The trip up the Highlands also confirmed to me that I'm on the right road with the Nikon AF set-up. I had the F90x pairing again but this time with a 28-105 Nikkor on one and a 70-210 Nikkor on the other. I used the two zooms equally and never felt at any time that I was missing a particular focal length.

The speed of operation of the F90x cameras shouldn't be under-rated either. Lighting in the Highlands can change in the blink of an eye and being able to pick up whichever body is needed, raise it to my eye and start shooting straightaway can prove invaluable. There was one occasion, though, when I spotted a nice scene whilst driving along a deserted single track road, stopped the car at once, grabbed the camera, leapt out to take the pic - and the light had gone. It couldn't have taken me more that ten seconds start to finish but that still wasn't quick enough.

Quality-wise, I really don’t think I’ll see any difference in 6”x9” prints between the F90x/AF zooms/XP2 set-up and my normal OM2/primes/Delta 400 approach. As much as I love the OM system, there’s no doubt the Nikon AF route is, for me, a far more efficacious way of working.


  1. Hello, Bruce. I’m sorry to hear of your eyes problem. Good photographs, as always. I like the composition, simple and effective. I never used XP2, I’m used too good to develop and print in my darkoom and then not many places around here, if any, are left to send out a film for C-41 development, Though a long time ago I remember shooting a roll of Kodak BW CN-400, the postcard size prints from the lab were sepia colored, probably due to a lack of calibration in the minilab ...I remember most of the frames were low contrast and required printing on hard grade, I think it was due to the orange mask similar to color negatives.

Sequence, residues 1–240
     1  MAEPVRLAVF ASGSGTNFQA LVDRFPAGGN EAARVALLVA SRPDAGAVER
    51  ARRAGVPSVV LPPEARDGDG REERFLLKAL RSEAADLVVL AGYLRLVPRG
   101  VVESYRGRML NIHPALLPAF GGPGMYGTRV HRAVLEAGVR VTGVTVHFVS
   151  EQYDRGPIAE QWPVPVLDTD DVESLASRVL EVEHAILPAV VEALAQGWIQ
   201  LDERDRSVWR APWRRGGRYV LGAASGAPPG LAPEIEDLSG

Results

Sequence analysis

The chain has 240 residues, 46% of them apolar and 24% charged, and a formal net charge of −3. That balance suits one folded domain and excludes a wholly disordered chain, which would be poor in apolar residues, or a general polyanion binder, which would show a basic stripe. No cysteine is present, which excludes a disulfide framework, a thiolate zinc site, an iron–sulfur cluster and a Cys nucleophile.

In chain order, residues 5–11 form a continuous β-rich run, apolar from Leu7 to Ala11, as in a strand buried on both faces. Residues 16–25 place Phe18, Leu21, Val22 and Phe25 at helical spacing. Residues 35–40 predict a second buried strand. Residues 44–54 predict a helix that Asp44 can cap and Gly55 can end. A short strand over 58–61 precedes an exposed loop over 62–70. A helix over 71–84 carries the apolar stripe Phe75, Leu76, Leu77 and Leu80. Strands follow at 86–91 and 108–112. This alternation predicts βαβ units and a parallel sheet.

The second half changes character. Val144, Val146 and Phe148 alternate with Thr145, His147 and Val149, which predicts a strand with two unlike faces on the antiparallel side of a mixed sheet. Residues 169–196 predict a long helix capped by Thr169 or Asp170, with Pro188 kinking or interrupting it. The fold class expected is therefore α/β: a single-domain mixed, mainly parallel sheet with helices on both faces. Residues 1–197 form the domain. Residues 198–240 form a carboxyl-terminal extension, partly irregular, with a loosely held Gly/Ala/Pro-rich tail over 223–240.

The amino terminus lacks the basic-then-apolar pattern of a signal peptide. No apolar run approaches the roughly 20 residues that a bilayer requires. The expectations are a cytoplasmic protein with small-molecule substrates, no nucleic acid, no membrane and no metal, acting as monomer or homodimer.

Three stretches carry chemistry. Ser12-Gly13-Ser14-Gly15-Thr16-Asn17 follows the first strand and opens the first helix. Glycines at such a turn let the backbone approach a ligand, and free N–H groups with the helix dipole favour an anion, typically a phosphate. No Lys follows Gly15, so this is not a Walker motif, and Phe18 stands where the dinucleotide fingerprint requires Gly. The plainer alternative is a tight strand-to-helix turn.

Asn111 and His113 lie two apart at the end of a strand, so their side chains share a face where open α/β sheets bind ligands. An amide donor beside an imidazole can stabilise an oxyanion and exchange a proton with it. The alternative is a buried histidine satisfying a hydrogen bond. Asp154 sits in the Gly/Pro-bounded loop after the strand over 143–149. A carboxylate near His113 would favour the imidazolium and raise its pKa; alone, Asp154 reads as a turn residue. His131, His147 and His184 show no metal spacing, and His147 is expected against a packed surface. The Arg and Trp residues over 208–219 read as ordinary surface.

Cheers, Marty.

    1. Hi Marty, Kodak CN-400 was designed to run through minilab alongside colour neg films. I used this and XP2 for a few weddings I photographed in the early 2000s before the minilab chap packed it in and loved the mono prints on the Kodak paper they made specifically for B&W negs (no fake 'sepia' colours).

      Ilford XP2 base is far more like trad B&W and prints very nicely in the darkroom. As Bruce has said, it is tolerates overexposure very well and has particularly fine grain, though some feel it lacks the crispness of traditional B&W emulsions.

      I've not used it for a long time and Bruce's post is a reminder for me to give it another try this year. Although I love my compact, lightweight OM prime lenses, this post has also got me thinking that I should dig out the excellent 35-105mm Zuiko zoom that has sat unused in my drawer for even longer than the others.

  2. Hi Bruce - it seems to suit your way of working, so crack on old son. I especially like the very last one - that sort of natural chaos always makes for an appealing photo for me.
    Most of all though it is good to see you back on the road as it were - keep on writing and photographing - always enjoyable.